SJI student Joelle Tan (far left) sharing the meaning behind a photo with fellow students and SJI principal Fr Adrian Danker (second from right) at the photography exhibition on Nov 19.

St Joseph’s Institution (SJI) launched a photography exhibition that aimed to give viewers a glimpse of the community projects undertaken by their students.

The Global Education Programme Photography Exhibition was held on Nov 19 at the Nassim Gate of Singapore Botanic Gardens. Students shared with members of the public their inspiration behind some of the photos they took.

The photo exhibits were available for viewing at the three different gates at Botanic Gardens from Nov 19-27.

Each gate had a series of photos with its own theme: Sustainable Development (Tanglin Gate); Relationships (Nassim Gate); Growing up in the community (Bukit Timah Gate).

In May this year, 140 students and staff from SJI’s International Baccalaureate Diploma Programme (IBDP) embarked on a one-week trip to engage with the local communities from five regional countries.

The countries visited were Malaysia, Thailand, Vietnam, Cambodia and Australia. Students from different classes went to different countries.

Some of the things the students did included helping to build classrooms and teach the local children English.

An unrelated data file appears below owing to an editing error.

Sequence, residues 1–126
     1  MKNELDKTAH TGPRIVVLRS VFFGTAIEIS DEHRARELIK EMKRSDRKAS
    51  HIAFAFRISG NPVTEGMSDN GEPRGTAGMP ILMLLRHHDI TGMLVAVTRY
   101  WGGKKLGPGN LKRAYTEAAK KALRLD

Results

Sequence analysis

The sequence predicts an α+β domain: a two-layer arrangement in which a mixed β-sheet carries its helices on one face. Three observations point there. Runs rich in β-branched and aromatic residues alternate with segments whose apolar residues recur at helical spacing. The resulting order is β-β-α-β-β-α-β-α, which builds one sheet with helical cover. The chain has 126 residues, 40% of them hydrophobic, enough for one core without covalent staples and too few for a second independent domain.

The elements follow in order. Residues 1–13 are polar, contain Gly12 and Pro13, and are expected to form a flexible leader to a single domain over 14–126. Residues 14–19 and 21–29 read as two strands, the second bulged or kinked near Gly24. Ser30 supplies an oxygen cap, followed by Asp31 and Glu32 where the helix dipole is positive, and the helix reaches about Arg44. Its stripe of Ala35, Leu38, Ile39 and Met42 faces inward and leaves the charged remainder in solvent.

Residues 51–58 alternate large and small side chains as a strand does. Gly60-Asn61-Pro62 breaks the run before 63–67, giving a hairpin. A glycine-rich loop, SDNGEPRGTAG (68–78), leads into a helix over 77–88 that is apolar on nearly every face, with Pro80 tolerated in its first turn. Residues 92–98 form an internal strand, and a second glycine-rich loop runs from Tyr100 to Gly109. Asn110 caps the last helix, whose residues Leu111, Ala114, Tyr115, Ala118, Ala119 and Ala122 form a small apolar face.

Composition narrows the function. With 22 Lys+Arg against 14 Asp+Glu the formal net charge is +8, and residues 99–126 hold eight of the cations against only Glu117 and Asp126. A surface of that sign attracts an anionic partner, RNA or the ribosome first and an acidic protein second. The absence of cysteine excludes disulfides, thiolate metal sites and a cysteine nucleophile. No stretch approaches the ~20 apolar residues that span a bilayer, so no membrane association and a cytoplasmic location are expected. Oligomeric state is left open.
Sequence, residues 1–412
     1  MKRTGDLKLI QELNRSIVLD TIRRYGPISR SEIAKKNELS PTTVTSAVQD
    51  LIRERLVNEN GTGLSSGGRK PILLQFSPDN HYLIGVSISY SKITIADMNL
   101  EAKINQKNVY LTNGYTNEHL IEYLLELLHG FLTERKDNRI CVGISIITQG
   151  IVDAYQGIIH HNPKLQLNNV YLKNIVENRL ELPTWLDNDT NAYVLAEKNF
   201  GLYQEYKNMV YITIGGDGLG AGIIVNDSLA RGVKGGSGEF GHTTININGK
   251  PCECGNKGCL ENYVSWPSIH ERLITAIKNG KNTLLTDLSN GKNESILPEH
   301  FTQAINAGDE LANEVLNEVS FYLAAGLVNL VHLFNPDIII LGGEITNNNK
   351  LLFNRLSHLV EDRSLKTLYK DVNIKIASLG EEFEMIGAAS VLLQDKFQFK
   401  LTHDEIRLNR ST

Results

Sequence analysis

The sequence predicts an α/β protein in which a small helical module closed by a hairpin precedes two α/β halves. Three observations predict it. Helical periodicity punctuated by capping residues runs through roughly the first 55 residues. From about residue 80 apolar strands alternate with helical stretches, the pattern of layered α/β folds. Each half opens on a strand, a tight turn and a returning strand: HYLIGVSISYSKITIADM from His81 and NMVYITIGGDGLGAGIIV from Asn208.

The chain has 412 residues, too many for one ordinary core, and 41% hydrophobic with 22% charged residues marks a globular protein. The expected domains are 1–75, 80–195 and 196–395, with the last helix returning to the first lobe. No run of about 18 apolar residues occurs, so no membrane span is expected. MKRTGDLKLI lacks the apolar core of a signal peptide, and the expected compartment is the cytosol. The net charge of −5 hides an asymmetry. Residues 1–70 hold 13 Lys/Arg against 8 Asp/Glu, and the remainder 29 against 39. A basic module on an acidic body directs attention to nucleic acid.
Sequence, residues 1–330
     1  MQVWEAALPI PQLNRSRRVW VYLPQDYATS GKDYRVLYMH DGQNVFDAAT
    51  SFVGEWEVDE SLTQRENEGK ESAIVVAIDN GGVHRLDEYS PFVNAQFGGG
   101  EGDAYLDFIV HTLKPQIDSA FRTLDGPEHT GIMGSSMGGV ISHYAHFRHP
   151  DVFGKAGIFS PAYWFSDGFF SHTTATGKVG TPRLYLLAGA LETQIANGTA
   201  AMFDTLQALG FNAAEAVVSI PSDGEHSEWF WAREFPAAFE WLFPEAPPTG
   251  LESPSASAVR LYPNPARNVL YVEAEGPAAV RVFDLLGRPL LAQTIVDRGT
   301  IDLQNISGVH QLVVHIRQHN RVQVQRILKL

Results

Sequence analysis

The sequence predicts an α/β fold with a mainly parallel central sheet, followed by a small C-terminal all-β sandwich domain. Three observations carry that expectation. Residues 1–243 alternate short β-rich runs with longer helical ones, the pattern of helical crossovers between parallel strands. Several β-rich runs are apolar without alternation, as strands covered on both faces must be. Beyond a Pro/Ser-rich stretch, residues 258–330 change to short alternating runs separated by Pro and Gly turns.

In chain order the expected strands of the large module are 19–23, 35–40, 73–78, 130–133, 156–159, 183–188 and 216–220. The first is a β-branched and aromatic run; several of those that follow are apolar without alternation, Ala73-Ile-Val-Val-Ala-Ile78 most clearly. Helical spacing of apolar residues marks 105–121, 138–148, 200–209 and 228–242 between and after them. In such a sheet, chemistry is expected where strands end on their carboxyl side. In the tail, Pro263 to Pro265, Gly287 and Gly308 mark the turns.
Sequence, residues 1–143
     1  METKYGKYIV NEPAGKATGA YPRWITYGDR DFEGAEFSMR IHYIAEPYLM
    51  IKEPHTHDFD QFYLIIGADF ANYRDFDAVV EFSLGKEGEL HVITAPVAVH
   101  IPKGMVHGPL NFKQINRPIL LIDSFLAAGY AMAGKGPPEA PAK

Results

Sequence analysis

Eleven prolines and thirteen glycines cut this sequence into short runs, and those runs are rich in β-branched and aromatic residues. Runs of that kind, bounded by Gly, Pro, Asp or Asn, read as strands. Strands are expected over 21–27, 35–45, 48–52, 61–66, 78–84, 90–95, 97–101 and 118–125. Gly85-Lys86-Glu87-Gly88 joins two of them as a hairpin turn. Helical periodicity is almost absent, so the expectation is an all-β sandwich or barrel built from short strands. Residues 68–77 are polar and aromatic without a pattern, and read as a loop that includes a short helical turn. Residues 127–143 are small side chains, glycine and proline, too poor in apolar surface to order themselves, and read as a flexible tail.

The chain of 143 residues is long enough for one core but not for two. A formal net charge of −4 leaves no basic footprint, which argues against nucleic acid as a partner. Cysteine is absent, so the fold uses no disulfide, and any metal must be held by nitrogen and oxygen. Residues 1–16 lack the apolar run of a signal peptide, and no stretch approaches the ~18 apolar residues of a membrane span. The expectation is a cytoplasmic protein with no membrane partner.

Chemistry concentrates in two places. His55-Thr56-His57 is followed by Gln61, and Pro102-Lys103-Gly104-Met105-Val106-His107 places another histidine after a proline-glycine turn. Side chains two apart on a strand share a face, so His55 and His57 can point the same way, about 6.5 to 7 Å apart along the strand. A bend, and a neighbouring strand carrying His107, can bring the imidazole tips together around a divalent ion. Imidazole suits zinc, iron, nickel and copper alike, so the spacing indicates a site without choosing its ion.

During their stay, students were encouraged to take photos of certain moments which touched or inspired them.

A St Joseph’s Institution student is helped by two Cambodian boys in carrying plaster for building a classroom.

“We hope the experience gave the students an idea of what life is like in these countries,” said Jesuit Fr Adrian Danker, principal of St Joseph’s Institution.

“The journey was for the students to really embrace the Lasallian ethos of growing up to become people who can make a positive and lasting impact on society,” he said.

For Willy Wai, 17, his visit to Chiang Mai, Thailand, showed him “how fortunate we are in Singapore”.

“When we went to a local village, we saw that the school there was very remote, very rundown. The teacher comes from the city once a week to teach the children.

“We taught students English and also played with them. It was very heartwarming ... I was no longer in my comfort zone and, in a way, it exposed me to the realities of life,” he said.

Joelle Tan, 17, who went to Cambodia, said one thing in particular made her realise just how much she takes things for granted in Singapore.

“Clean water. At the place we were staying, the tap water there was not safe to consume and I had to consciously remind myself [of this] for the first three nights when brushing my teeth.” 

By Jared Ng
This email address is being protected from spambots. You need JavaScript enabled to view it.

Share this post

Submit to FacebookSubmit to Google PlusSubmit to Twitter